Pay attention to the statuses – all articles must work together!
The High Court held that a company which had adopted the standard articles of association with slight amendments was unable to conduct its business properly, having only one director.
Re Fore Fitness Investments Holdings Ltd  EWHC 191 (Ch) concerned a claim for unfair hardship brought by a shareholder of a company under section 994 of the Companies Act 2006 (the “Act”).
The question of whether the company had validly notified a counterclaim against the shareholder was questioned in the context of this case. The claim was granted on the grounds that the alleged authorization of the counterclaim was an ultra virus since, properly construed, the Company’s Articles of Association had not been complied with.
As is common, the incorporation of the company was based on the Model Articles of Private Partnership Limited by Shares (the “Model Articles”) with certain modifications.
The 4 articles at the center of the case are the following:
- Model Article 7(1) – Directors must make decisions either at a board meeting or by written resolution. This is called the general rule.
- Model Article 7(2) – As long as a company has only one director and its articles do not require it to have more than one, the general rule does not apply. The sole administrator can make decisions concerning the management of the company.
- Model Article 11(2) – The quorum for directors’ meetings may be fixed from time to time, but it cannot be less than two, and the default quorum is two. In this case, Fore Fitness has amended section 11(2) of the model to require the presence of specific directors to form a quorum.
- Model Article 11(3) – If, at any time, the total number of directors is less than the quorum, the directors shall take no action other than: (i) appoint other directors; or (ii) to call a general meeting to enable the shareholders to appoint other directors.
Apparently, model articles 11(2) and 11(3) seem to contradict model article 7(2). However, the approach taken so far has been that model Articles 11(2) and 11(3) are part of the general rule, therefore, even if a company has only one director, they do not not apply. Instead, Model Article 7(2) allows the sole administrator to make all decisions. Model Article 11(2) only applies where the company has more than one director and needs to hold a meeting of the board of directors and Model Article 11(3) only applies where the company has not enough directors to constitute a quorum for that meeting. Model Article 11(2) sets the quorum for a meeting of the board of directors, but it does not set a minimum number of directors of the company.
The shareholder insisted that this traditional view was wrong and that the quorum provisions in the articles of association (in this case the amended model article 11(2)) did require that the corporation have at least two directors. However, when the counterclaim was served, the company had only one director. Therefore, the issuance of the counterclaim was ultra virus.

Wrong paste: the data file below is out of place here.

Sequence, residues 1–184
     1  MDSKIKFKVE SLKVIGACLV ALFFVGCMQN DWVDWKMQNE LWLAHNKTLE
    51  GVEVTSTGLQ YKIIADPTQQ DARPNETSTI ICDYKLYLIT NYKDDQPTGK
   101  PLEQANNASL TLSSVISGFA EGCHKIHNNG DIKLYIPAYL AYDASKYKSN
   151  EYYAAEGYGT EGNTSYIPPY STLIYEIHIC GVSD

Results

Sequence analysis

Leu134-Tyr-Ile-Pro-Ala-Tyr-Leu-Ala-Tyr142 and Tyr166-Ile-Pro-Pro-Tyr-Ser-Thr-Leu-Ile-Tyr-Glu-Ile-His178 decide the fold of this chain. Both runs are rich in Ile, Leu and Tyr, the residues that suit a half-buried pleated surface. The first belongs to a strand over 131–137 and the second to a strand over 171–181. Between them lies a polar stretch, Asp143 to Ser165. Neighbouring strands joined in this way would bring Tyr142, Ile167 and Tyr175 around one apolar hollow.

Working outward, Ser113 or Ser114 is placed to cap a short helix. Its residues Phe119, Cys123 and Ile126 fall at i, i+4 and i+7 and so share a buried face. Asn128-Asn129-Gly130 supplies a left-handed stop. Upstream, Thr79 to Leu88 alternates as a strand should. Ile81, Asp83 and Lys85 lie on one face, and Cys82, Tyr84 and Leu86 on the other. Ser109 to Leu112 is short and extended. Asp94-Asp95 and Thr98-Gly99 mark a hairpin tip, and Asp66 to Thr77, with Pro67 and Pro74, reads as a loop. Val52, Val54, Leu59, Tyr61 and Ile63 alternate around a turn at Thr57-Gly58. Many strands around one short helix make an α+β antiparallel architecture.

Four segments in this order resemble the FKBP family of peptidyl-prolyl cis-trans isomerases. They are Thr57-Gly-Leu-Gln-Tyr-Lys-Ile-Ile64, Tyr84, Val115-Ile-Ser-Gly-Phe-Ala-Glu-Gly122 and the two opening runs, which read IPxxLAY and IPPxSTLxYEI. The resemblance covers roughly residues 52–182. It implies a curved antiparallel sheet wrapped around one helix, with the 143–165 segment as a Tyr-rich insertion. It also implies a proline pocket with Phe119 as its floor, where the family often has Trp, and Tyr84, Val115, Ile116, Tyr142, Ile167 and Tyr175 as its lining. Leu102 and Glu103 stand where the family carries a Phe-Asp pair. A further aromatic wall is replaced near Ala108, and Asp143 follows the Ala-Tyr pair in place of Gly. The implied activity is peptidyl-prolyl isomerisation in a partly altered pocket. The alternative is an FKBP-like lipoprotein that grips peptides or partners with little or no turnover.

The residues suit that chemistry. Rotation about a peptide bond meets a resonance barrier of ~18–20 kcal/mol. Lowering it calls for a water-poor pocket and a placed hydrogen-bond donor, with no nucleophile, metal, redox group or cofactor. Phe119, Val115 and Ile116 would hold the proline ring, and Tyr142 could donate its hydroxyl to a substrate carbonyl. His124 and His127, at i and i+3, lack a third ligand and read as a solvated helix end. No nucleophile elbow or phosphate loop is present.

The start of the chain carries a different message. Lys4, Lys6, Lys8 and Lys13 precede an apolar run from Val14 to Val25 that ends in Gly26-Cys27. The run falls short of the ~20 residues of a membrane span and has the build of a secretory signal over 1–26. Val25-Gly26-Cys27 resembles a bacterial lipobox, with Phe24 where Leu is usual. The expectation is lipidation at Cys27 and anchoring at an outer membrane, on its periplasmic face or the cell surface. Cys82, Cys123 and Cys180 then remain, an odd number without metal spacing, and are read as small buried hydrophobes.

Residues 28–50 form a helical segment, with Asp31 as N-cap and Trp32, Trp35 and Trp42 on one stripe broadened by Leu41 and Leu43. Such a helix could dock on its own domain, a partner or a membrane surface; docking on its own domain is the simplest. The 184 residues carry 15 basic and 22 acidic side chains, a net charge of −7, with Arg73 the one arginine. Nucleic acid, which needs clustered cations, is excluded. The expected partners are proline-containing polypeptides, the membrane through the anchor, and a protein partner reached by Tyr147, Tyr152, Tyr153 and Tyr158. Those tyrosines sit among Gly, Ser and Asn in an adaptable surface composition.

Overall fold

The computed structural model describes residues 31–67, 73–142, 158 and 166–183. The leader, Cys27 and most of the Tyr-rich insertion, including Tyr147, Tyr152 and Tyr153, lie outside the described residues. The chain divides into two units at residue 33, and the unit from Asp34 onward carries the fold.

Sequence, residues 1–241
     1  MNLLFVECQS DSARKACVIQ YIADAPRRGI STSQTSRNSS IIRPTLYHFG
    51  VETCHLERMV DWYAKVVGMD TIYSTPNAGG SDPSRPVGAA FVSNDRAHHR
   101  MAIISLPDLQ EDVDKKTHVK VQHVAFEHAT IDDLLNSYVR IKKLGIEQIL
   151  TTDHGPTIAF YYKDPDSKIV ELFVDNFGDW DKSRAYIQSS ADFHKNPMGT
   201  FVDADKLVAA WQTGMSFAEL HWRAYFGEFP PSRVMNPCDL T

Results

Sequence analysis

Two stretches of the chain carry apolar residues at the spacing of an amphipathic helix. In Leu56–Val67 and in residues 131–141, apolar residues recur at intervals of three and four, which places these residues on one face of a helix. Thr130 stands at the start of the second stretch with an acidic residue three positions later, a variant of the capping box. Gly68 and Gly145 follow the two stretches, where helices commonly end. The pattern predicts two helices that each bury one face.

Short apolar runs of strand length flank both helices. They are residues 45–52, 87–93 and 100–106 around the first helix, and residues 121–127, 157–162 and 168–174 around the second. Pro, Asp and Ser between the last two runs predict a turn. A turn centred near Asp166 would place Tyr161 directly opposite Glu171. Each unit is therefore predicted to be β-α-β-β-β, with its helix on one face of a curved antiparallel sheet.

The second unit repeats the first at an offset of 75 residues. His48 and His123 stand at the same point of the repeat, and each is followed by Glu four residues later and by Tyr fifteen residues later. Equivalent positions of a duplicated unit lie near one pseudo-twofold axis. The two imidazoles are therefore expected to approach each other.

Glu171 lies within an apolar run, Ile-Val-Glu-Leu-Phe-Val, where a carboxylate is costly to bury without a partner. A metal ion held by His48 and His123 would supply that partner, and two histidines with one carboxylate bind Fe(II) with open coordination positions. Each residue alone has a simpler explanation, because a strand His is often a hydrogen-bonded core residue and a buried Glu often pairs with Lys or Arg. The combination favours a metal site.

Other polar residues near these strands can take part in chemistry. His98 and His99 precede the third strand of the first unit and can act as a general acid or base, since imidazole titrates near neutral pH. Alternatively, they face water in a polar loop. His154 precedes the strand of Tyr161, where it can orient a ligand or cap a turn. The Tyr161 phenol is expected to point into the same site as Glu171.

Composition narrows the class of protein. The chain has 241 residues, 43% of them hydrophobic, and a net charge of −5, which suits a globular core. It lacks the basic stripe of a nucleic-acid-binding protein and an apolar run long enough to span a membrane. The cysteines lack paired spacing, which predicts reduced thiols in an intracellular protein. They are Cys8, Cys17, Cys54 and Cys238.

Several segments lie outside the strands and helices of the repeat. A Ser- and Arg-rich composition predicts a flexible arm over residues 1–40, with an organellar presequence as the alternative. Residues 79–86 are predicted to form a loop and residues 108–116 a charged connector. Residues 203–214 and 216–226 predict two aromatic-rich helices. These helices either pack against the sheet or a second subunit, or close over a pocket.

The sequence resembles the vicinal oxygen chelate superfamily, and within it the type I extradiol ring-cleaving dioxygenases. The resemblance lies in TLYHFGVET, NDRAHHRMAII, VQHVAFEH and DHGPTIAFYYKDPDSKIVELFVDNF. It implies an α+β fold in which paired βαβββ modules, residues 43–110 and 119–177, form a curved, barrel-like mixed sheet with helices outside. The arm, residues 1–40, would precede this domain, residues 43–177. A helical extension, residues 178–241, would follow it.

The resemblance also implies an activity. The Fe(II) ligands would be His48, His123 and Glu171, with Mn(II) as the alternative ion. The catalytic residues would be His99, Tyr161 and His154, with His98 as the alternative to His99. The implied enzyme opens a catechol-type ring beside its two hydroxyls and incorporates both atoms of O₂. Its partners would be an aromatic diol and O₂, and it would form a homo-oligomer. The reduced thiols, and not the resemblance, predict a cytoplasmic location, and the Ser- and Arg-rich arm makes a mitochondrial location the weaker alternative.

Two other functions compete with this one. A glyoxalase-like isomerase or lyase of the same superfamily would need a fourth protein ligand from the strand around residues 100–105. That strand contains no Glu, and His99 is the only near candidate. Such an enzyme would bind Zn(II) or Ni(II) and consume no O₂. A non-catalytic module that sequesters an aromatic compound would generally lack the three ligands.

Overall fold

As indicated above, the court agreed with the shareholder. The judge noted the sections requiring that there be at least two directors to constitute a quorum and logically indicated that it is necessary for the company in question to have two directors to manage its affairs. Although the company adopted a bespoke article requiring the presence of two specific people for a meeting to be valid, the judge’s comments were also very clearly aimed at Article 11(2) of the unamended model.
The company claimed that section 154 of the Act allowing companies to have a single director, the standard sections could not repeal this provision from an Act of Parliament. However, the judge found that although the law contemplates single-director corporations, the standard articles cannot be used in unmodified form in these circumstances. The law specifically allows a corporation to amend the standard articles, and they must be amended to operate with a single director.
Implications for public sector companies
When considering forming a new corporation, any perceived contradictions in the articles of association should be carefully considered. The standard articles state that a quorum for a meeting of directors is at least two directors. However, they also say that a corporation can act with only one director. The implication is that the standard articles are not clear as to what constitutes a quorum meeting of directors. Perhaps the best solution is to ensure that bespoke provisions are drafted to clearly state the number of directors required for a quorum meeting.
Established corporations should review their articles to determine whether they have adopted model articles 7 and 11 without modification or whether they have adopted bespoke articles that reflect the original wording. When this has happened, the business must decide if it needs the flexibility of being able to operate with a single administrator. If so, the company should consider proposing amendments to its articles of association to resolve this contradiction. If it has always operated with a single director, it should consider seeking advice on whether historical decisions made by the single director are or may be void.